Q: How do you get to Carnegie Hall?
A: Practice, Practice, Practice
I will be soon going my first travel photography workshop. I am joining Eddie Soloway and the Sante Fe Photographic Workshops on an 8 day trip to Cuba visiting the cities of Havana, Trinidad, and Cinfuegos.
Sometime in early 2012, I set my sights on photographing in Cuba in 2013. I don’t know exactly why I picked Cuba, but my life is filled with examples that follow the same basic pattern. I get and idea of doing something and just decide to do it. At the time of my decision often have little understanding of what it will take to get there or even what it will be like when I arrive. I just know it is the right thing for me to do and I set out single-mindedly to achieve the objective. The pattern includes both a long-term vision (I want to be a classical oboist) and lots of little short term activities (I need to master the Strauss Oboe Concerto, I need to study with the 1st oboists of the major US symphony orchestras).
So it was with this trip to Cuba. I announced to my friends: “I’m going to Cuba in 2013, who wants to come along?” I did not wait for answers, I just started my planning and preparation.
My preparation for the trip has included finding the right trip, studying Spanish, reading about Cuba and its history, studying other’s photos of Cuba, studying with master photographers to find myself, and practicing my particular brand of street and social documentary photography. The last part included shooting exclusively with the Olympus OM-D E-M5, memorizing as much as I can about where the settings are located (I’m really bad at memorizing details), and doing as much street photography as my schedule allows.
Over the past several months, when I went out shooting, would say to myself: If you were in Cuba today shooting, what would you come home with. And I would evaluate my results and experience by asking myself several questions that run the gamut of exploring my craft, my vision, and my inner strength.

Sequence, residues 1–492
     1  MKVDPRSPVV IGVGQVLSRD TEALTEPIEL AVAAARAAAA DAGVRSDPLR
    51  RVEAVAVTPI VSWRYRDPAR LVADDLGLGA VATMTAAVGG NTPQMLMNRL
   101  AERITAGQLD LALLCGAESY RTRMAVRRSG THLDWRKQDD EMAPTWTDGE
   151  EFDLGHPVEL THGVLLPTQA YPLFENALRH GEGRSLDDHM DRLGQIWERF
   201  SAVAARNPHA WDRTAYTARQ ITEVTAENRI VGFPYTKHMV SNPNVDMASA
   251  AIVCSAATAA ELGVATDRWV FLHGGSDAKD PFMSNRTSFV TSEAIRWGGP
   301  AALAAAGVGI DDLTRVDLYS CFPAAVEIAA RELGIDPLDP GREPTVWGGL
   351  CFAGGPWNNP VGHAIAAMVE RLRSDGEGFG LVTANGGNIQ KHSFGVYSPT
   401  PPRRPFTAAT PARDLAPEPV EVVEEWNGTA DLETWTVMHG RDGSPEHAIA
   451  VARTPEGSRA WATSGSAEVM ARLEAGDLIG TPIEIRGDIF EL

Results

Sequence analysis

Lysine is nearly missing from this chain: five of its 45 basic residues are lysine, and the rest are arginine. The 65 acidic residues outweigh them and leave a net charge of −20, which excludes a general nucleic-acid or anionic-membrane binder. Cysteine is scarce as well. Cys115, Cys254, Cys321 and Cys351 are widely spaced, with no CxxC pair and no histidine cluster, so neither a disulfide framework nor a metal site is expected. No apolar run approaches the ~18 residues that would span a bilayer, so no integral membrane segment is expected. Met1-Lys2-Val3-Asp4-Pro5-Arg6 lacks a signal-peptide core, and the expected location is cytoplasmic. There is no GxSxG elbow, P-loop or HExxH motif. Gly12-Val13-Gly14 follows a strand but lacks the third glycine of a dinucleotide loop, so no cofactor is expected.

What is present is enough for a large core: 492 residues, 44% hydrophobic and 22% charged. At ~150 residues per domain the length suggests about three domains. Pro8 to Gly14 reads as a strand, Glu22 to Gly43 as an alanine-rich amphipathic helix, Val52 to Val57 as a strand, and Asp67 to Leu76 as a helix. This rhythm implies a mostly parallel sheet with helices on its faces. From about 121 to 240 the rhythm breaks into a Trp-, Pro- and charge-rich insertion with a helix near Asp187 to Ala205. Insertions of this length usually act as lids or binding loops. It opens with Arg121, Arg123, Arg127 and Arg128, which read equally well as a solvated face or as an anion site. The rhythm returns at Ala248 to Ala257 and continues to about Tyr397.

- Did I capture the mood?
- Did fear keep me from taking a picture of spending the time required at a venue to get the right shot?
- Did I keep and open mind and try new things?
- Was I conscious and intentional with my camera settings?
- Did I have any issues with efficiently using my camera?
This approach is completely parallel to the lessons I learned when I studied music.
- Study with the greats – study great photographs, take workshops with the right people, read about their processes
- Practice your scales – take practice pictures in different conditions isolating different techniques
- Run dress rehearsals – go out and shoot as if you were on the assignment
- Know everything about your instrument – study the manual and practice finding those hidden, but needed, menu items
- Be unconsciously conscious about the state of everything while you are playing – It needs to be second nature that for every shot you know what your aperture, shutter speed, ISO, focal length, and white balance are.
Each time I went out I produced more good work and became more comfortable with my approach to photography and the OM-D system.
I will be bringing 2 Olympus OM-D E-M5 camera bodies, 5 fast prime lenses and one zoom (as a backup). I’ll also be bringing my Induro CT114 tripod with Acratech bullhead. I’ve prepared and run my dress rehearsals. I’ve concentrated on prime lenses so that I am super conscious of composition and framing. I’ll be warming up with a couple of days in Miami before the trip and the concert starts on January 29th.